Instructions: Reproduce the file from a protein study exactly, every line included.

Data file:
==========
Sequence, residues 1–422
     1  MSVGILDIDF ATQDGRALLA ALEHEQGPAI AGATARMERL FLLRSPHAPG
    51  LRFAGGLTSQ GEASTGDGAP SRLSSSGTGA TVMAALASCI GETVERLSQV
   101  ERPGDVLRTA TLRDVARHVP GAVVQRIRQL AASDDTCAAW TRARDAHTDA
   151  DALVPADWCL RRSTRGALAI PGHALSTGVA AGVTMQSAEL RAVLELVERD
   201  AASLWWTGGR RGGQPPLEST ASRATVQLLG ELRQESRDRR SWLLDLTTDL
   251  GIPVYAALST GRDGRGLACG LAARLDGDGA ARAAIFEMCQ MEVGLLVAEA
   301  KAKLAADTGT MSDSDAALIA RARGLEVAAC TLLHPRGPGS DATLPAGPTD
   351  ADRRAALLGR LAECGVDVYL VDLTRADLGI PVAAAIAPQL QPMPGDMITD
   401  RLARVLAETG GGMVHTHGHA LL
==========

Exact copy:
Sequence, residues 1–422
     1  MSVGILDIDF ATQDGRALLA ALEHEQGPAI AGATARMERL FLLRSPHAPG
    51  LRFAGGLTSQ GEASTGDGAP SRLSSSGTGA TVMAALASCI GETVERLSQV
   101  ERPGDVLRTA TLRDVARHVP GAVVQRIRQL AASDDTCAAW TRARDAHTDA
   151  DALVPADWCL RRSTRGALAI PGHALSTGVA AGVTMQSAEL RAVLELVERD
   201  AASLWWTGGR RGGQPPLEST ASRATVQLLG ELRQESRDRR SWLLDLTTDL
   251  GIPVYAALST GRDGRGLACG LAARLDGDGA ARAAIFEMCQ MEVGLLVAEA
   301  KAKLAADTGT MSDSDAALIA RARGLEVAAC TLLHPRGPGS DATLPAGPTD
   351  ADRRAALLGR LAECGVDVYL VDLTRADLGI PVAAAIAPQL QPMPGDMITD
   401  RLARVLAETG GGMVHTHGHA LL